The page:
Young artist chronicles a decade of work


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josh-tiessen-a-decade-of-inspiration-coverArtist Josh Tiessen has packed more into his 21 years than some of us have packed into two, three or four times as many.

The Stoney Creek, Ontario resident was born in Russia to missionary parents, moved to Canada and has traveled internationally.

He began creating art as a pre-schooler under the tutelage of his Russian nanny. After moving to Canada, Tiessen, mentored by a retired wildlife and pet portrait artist, created his first significant wildlife work at 10: a chalk portrait of Aslan from The Lion, the Witch and the Wardrobe. A year later, “Aslan” and other works were displayed the Artway on Two in Burlington’s Joseph Brant Hospital.

Tiessen how has a decade of exhibitions under his belt, along with a number of national and international accolades: at 15 he was mentored by esteemed Canadian wildlife artist Robert Bateman in a Master Artist Seminar, at 17 he was the youngest person juried into the International Guild of Realism (IGOR) and at 19 received IGOR’s “Creative Achievement Award.” With these accomplishments and a number of requests from friends and fans, Tiessen has put together and published his first monograph: Josh Tiessen: A Decade of Inspiration.

Josh Tiessen hopes people looking at his art will feel the sense of ‘wonder and awesomeness’ that is in the natural world all around us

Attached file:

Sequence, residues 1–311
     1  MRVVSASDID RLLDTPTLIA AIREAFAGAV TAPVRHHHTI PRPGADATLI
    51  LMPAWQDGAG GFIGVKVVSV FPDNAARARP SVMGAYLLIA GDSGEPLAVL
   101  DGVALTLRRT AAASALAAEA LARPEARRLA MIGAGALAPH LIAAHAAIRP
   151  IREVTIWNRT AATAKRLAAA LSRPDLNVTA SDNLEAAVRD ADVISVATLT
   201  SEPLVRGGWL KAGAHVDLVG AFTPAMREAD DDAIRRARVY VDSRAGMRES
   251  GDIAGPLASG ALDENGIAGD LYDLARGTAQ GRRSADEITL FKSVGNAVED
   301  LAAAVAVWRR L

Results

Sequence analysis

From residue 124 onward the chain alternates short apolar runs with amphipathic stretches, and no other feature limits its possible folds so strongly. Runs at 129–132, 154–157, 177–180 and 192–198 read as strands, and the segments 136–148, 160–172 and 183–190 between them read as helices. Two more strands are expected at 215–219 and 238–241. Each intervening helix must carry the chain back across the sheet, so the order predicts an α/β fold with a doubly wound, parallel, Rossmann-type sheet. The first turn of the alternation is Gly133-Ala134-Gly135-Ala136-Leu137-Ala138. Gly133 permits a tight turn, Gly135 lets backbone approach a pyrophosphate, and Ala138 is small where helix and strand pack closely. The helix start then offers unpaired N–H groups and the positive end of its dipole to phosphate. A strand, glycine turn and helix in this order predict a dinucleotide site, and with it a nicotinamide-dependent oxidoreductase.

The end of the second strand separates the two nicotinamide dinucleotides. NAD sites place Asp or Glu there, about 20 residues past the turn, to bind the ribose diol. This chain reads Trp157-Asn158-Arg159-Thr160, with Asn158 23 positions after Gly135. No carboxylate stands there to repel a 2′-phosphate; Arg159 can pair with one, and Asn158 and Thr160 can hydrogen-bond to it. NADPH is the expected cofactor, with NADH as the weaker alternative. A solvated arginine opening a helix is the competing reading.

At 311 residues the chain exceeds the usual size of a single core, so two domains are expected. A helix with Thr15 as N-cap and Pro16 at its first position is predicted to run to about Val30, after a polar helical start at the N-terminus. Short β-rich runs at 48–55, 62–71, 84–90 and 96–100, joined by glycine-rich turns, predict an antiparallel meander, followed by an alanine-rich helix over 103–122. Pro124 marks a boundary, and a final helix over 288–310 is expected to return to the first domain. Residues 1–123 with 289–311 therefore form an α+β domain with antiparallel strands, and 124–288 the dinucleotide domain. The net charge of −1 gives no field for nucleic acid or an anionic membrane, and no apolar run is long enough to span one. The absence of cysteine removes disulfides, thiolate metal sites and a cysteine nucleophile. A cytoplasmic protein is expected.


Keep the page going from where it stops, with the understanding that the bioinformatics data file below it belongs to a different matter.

About half of the book is an intimate and detailed biography which includes family photos, samples of his early work (including “Aslan”) and photos of Tiessen working at his craft or out in public. While someone might think this would be self-indulgent for a 21 year old, in Tiessens case it isn’t. I’ve had the chance to interview Tiessen on a number of occasions and reading through the book found myself learning even more about his life than I had in the interviews. By the time you’re finished reading these chapters, you find yourself amazed by a competent, intelligent and professional young artist.

The second half of the book chronicles Tiessen’s art from some of his early still life images, beginning wildlife paintings (his specialty) to his latest works which combine realism, fantasy and metaphor. Tiessen accompanies each image with a note about it’s development and, in many cases, the spiritual meaning that can be drawn from it. As he states at one point in the biography:

“Although Josh’s art is not necessarily religious in subject matter, he tries to illustrate the beauty and diversity of creation and the image of God in human creativity. He sees his artistic ability as a gift from God. As a contemporary artist in the 21st century, he would like to be a positive and uplifting presence in the art world. Josh says that he hopes people looking at his art will feel the sense of ‘wonder and awesomeness’ that is in the natural world all around us.

As he begins each painting Josh prays, asking God to work through the process. As a result, just like the little penguin family, metaphorical and spiritual meaning seem to be infused into his paintings and people often comment on the analogies they draw from them.”

While I only had a chance to view an electronic version of Josh Tiessen: A Decade of Excellence, I can only imagine what the print product will look like. I’ve watched, through social media and his e-mail newsletters, the progress of some of Josh’s works. This monograph is a fitting tribute to the life of a young artist who has just begun a lifelong journey.


For more about Josh Tiessen and A Decade of Excellence go to

To listen to the latest Arts Connection interview with Josh Tiessen, go to



The Honour Drum: a children’s book with a grown-up message


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the-honour-drum-cover-tn-jspIn the first two books of the Compassion Series, author Tim Huff looked at homelessness and the disabled. The third book in the series, The Honour Drum, explores Indigenous peoples’ issues and was co-authored with speaker, teacher and singer/songwriter Cheryl Bear.